What can a company do in 2021 to set itself apart from other wireless earbuds? The near-ubiquity of decent hardware has made answering this question extremely difficult. Over the last year or so, I’ve probably tested around ten different sets of buds, and they’ve all been really nice. Nura and Nothing are pioneering new approaches to the category, but for hardware manufacturers who also sell handsets, being the greatest pair of headphones for a given device is sometimes enough?
Between the two universes, OnePlus exists in a void. Of course, the firm makes its own phones, but it doesn’t sell nearly as many as Samsung and Apple. The OnePlus Buds Pro, fittingly, walks that line, acting like a decent set of buds that work well with OnePlus’ own smartphones while also including a few — at the very least — unique extras that help them stand out in a crowded field. To this time, OnePlus’ work in the category has been average at best, and outright bad at worst.
After a tethered foray into the space, I was underwhelmed when the company eventually entered the totally wireless category last year. The under-$100 price tag was appealing, but they overall felt like a set that may have flown three or four years ago, when the options were much more limited. Thankfully, the Pros are superior in almost every way. That must be a comfort for the company, given one of its co-founders released his own new headphones less than a month after they released theirs. The gadget costs $150, which is $50, more than the Ear (1) and its regular buds. Taking a larger look at the present scene, it’s a reasonable price for what you’re getting here.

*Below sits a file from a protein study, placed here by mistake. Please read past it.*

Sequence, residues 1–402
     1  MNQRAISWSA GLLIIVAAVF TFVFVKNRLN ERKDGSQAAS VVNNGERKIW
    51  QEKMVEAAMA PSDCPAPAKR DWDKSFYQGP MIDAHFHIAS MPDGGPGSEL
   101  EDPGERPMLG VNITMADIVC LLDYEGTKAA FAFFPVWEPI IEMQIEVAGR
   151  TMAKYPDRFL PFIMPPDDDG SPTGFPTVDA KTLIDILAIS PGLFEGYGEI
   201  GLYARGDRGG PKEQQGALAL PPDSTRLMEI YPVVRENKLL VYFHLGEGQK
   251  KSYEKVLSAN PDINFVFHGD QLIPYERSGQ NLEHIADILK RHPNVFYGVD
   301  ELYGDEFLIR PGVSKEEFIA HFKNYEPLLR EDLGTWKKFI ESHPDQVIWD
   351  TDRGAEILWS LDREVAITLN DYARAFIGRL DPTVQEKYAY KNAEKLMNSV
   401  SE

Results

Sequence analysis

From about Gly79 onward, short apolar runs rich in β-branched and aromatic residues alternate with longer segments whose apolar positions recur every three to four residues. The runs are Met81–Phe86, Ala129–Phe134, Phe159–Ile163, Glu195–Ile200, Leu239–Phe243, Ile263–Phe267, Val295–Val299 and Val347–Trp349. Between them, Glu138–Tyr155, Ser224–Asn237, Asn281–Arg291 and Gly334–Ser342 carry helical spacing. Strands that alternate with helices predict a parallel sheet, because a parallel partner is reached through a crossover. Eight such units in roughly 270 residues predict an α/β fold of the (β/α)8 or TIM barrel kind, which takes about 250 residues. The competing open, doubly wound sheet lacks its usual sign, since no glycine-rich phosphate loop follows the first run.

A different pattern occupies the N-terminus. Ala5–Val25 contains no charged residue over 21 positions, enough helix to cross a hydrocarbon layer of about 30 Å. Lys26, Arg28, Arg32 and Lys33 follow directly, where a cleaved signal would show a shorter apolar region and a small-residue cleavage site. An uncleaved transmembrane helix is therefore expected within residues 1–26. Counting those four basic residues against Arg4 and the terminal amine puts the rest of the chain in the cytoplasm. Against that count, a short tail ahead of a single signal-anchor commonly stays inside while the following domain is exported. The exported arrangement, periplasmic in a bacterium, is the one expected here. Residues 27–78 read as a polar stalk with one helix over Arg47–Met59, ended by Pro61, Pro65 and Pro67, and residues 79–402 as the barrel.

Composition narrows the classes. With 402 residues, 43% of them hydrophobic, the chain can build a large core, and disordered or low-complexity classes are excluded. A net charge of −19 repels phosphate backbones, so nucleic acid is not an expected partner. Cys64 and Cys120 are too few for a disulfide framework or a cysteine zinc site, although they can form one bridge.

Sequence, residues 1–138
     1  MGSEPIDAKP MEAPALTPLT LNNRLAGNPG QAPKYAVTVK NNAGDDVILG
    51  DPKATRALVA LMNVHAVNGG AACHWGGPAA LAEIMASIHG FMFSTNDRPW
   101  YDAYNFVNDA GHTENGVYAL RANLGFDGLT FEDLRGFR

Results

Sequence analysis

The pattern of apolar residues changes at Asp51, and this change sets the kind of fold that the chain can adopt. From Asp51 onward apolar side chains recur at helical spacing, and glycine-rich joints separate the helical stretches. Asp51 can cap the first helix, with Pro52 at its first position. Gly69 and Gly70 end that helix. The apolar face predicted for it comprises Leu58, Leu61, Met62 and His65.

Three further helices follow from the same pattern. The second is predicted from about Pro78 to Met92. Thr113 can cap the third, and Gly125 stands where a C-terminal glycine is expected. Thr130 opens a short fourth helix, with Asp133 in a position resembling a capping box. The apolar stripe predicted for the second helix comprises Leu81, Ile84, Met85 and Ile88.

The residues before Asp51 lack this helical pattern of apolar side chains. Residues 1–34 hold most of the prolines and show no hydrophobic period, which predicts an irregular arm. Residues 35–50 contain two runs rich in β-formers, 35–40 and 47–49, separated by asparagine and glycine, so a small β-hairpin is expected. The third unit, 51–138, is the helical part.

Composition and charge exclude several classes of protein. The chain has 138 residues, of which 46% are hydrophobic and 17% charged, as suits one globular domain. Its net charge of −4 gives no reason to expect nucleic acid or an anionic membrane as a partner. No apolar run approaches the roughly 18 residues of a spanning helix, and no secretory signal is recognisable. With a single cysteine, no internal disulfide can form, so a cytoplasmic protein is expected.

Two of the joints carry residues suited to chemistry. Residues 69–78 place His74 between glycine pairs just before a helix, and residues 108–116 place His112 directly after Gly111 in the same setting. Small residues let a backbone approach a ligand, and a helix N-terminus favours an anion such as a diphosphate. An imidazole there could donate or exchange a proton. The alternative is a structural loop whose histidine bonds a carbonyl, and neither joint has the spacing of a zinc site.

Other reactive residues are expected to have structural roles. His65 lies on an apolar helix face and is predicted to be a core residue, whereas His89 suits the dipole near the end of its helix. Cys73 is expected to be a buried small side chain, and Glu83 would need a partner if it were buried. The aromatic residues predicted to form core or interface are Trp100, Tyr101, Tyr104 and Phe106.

It’s worth noting that I tested the headphones with a non-OnePlus Android phone as well as an iPhone for this review. That necessitates the usage of the HeyMelody OnePlus/Oppo app, which is, to put it bluntly, inadequate. However, it accomplishes its goal thanks to a few essential aspects. There’s a fit test to ensure a proper seal, as well as a OnePlus Audio ID, which allows you to customize your sound profile.
The latter is a primitive version of what Nura offers with an old-school sound test that asks if you can hear the playback as you go through a series of tones. It’s a pain in the neck, but it pays off in the end.
When I was done, the outcome was a lot fuller and richer. Beyond that, there isn’t much in the way of EQ modification. That said, aside from an over-reliance on bass, I don’t have anything to complain about in terms of sound. The noise cancellation, which can be regulated via the app or the stems of the headphones, is also effective. Meanwhile, a long (three-second) click of the stems brings up one of the buds’ most distinctive features: Zen Mode Air. In an era when every tech company is thinking about mindfulness, it’s a clever if unneeded addition?